Montanans Celebrate, Protest Biden's Apparent Win
Montanans across the state turned out in celebration and protest following several media outlets Saturday calling the presidential race for Joe Biden.
Drivers in downtown Missoula jubilantly honked their horns when news broke Saturday morning.
Shelby Gilfillan was so elated she grabbed a boom box and started an impromptu dance party on the south side of the Higgins Avenue Bridge:
"I feel like a weight’s been lifted off the country’s shoulders," she said. "Oh my gosh, my heart’s beating so fast."
Gilfillan says she believes President Trump’s loss has dealt a symbolic blow to bigotry in the United States.
Random strangers joined-in on the dancing Saturday morning, including Laxmi von Hoffmann.
von Hoffmann says Trump’s loss was the ideal antidote to the down-ballot drubbing Montana Democrats took during last week’s election.
“I was feeling really low. Now I’m feeling great!”
von Hoffmann says the Trump administration drastically weakened the nation’s environmental protections.
She’s hoping for a new approach from the incoming Biden administration.
In Billings, a dozen Biden supporters carried signs saying “Bye, Don” and “Go Joe! A return to decency,” garnering honks and thumbs up from passersby.
Amelia Marquez, who ran unsuccessfully for state legislature in 2018, says while Montana Democrats have a long four years ahead of them after getting swept in every statewide race, she’s celebrating the momentous occasion of the first woman of color to be elected Vice President.
"We just wanted a moment to come together as a community and party it up a little bit," Marquez said.
Later in the evening a smattering of fireworks lit the Magic City sky.
Elsewhere in Montana, where Trump beat Biden by 16 percentage points, jubilation mixed with protest.
In Bozeman, a couple dozen people waved American and Trump 2020 flags outside the Gallatin County Courthouse. Some wore Make America Great Again hats; others carried signs reading “Dems lie, cheat and steal” and “a fair election equals no voter fraud.”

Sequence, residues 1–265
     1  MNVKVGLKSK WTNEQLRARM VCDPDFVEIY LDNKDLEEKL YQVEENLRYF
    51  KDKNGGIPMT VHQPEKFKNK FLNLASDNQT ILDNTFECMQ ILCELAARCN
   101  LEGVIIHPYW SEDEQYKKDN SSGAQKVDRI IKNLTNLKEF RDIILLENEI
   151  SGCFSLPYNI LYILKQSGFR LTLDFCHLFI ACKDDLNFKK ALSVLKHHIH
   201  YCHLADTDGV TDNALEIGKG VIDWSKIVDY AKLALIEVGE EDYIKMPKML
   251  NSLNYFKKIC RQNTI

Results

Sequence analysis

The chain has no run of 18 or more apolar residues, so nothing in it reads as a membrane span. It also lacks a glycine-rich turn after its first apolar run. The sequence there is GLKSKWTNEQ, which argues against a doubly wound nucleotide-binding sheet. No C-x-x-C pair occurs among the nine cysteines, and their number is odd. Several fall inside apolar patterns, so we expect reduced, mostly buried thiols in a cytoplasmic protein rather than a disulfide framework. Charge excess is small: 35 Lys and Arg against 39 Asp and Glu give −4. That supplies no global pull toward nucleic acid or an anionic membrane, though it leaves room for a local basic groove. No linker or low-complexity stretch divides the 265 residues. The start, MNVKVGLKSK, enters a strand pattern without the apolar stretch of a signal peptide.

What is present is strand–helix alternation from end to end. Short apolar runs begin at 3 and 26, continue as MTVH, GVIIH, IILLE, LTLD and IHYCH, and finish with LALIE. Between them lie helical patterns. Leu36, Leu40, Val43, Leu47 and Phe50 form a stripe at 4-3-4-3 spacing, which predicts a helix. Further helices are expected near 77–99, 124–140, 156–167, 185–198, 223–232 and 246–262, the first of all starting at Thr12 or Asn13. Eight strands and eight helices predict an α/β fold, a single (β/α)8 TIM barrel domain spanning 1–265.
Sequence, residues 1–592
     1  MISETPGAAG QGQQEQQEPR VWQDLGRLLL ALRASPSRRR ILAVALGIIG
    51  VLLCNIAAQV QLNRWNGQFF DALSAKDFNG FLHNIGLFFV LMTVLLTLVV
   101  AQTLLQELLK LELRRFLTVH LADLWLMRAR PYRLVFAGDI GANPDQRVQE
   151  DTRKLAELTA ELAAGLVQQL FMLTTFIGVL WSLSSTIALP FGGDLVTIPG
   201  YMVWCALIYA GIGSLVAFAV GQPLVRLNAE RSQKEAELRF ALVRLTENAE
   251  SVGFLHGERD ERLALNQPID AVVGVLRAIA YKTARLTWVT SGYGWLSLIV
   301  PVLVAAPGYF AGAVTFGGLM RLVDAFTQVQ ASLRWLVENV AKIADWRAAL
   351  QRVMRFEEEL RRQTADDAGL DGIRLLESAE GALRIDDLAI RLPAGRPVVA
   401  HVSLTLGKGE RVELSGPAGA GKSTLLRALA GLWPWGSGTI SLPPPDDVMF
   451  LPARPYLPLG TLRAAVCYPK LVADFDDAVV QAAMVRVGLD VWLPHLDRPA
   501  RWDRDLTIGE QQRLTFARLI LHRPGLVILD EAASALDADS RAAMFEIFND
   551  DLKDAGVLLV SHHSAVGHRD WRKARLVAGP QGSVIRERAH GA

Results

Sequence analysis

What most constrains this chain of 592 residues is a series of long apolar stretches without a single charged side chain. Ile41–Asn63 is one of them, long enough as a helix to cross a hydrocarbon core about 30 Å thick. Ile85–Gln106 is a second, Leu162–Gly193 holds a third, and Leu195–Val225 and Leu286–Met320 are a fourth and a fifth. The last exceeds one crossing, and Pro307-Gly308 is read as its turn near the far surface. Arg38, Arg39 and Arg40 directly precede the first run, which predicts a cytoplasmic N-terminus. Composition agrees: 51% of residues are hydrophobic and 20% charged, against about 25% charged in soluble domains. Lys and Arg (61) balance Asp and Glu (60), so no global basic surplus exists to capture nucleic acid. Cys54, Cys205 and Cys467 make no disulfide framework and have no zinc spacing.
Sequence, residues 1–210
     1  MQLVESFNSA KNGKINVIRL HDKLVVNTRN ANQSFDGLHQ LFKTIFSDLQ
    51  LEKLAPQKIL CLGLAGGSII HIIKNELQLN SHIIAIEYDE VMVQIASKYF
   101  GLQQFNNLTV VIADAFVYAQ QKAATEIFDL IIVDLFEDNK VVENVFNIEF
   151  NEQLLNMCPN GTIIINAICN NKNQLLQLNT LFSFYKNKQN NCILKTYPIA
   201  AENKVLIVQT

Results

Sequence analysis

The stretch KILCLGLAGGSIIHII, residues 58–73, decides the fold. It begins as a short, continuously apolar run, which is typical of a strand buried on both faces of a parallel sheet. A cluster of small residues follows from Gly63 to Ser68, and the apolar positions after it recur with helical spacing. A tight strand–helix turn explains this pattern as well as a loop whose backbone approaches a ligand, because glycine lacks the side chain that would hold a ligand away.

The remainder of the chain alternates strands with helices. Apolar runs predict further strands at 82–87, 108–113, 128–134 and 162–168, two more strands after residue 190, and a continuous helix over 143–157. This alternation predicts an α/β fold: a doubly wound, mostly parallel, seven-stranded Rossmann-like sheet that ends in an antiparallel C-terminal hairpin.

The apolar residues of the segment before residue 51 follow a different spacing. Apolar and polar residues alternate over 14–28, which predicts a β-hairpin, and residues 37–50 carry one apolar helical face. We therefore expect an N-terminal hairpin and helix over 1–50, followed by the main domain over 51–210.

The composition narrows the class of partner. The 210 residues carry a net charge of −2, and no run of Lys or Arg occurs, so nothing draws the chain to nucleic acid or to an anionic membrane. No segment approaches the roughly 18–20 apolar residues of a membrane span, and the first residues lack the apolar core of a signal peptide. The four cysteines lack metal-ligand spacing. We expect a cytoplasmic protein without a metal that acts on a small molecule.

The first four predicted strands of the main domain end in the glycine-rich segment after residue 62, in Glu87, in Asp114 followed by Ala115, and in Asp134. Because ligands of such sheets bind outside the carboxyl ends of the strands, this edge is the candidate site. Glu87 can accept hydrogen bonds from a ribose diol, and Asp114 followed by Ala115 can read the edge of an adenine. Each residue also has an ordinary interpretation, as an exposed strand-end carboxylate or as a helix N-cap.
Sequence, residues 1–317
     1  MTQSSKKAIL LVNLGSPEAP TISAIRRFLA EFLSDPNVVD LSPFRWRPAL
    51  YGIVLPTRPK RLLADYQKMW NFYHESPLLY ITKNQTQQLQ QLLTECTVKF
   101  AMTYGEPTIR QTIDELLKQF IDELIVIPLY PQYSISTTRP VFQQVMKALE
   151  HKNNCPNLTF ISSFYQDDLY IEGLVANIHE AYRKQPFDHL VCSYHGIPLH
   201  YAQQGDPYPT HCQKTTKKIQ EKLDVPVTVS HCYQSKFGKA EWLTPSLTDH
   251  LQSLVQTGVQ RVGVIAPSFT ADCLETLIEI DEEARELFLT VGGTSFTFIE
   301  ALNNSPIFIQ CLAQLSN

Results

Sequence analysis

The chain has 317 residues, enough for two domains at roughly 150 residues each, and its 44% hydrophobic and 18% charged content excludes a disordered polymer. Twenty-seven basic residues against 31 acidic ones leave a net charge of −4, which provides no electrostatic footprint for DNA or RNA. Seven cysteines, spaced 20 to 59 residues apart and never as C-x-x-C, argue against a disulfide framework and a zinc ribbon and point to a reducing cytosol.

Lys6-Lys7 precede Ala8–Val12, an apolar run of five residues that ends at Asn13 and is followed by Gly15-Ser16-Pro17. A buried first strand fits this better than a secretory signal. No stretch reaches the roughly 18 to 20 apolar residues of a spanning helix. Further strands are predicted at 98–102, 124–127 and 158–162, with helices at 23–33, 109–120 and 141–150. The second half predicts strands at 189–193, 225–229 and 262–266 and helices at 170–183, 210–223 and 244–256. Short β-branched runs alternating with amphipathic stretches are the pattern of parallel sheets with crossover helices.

Naomi Shields led a group in prayer after the group marched down Main Street.
“We decided to show up here today because I feel like, and a lot of us feel like the media is trying to determine before the actual votes are fully, officially in," Shields said.
Shields said news outlets need to be held accountable for projecting the presidential winner.
“What if it’s taken to court, then what if say Trump is officially in because of the voter fraud possibilities because of the voter fraud possibilities.”
The Associated Press has been calling presidential races for more than 100 years.
NPR reports Trump has not conceded the race and has alleged, without evidence, widespread voter fraud, vowing to challenge the election in court.
Outside the state capitol building in Helena, Angel Glass was the last of an estimated hundred-plus supporters who showed up for President Donald Trump on Saturday.
The Army veteran drove about three-and-a-half hours from Billings after hearing on right-wing media personality Alex Jones’ show there would be nationwide protests against massive alleged voter fraud. Holding signs her kids made, Glass has no doubt Trump will thwart what she calls a Democratic effort to steal the country.
“He is our president, he’s going to stay our president for four more years. He’s not going to concede," Glass said. "His supporters are not going to lay down and take this. We’re going to fight back. And we’re going to be here for him and be here for our country."
Edward O’Brien, Rachel Cramer, Kevin Trevellyan, Nicky Ouellet, Shaylee Ragar and Aaron Bolton contributed to this report.